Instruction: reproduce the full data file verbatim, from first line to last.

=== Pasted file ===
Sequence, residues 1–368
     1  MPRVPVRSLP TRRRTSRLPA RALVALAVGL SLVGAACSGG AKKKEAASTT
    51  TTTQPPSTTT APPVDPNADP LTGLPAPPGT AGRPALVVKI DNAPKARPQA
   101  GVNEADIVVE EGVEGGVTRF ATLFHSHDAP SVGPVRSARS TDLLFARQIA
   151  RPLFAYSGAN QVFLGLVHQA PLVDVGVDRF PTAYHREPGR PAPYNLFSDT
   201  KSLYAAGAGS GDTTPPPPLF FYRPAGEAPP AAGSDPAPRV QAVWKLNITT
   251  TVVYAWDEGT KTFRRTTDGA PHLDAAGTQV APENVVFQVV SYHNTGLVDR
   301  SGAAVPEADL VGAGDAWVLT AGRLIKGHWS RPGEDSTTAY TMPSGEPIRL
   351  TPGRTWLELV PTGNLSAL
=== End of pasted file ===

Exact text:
Sequence, residues 1–368
     1  MPRVPVRSLP TRRRTSRLPA RALVALAVGL SLVGAACSGG AKKKEAASTT
    51  TTTQPPSTTT APPVDPNADP LTGLPAPPGT AGRPALVVKI DNAPKARPQA
   101  GVNEADIVVE EGVEGGVTRF ATLFHSHDAP SVGPVRSARS TDLLFARQIA
   151  RPLFAYSGAN QVFLGLVHQA PLVDVGVDRF PTAYHREPGR PAPYNLFSDT
   201  KSLYAAGAGS GDTTPPPPLF FYRPAGEAPP AAGSDPAPRV QAVWKLNITT
   251  TVVYAWDEGT KTFRRTTDGA PHLDAAGTQV APENVVFQVV SYHNTGLVDR
   301  SGAAVPEADL VGAGDAWVLT AGRLIKGHWS RPGEDSTTAY TMPSGEPIRL
   351  TPGRTWLELV PTGNLSAL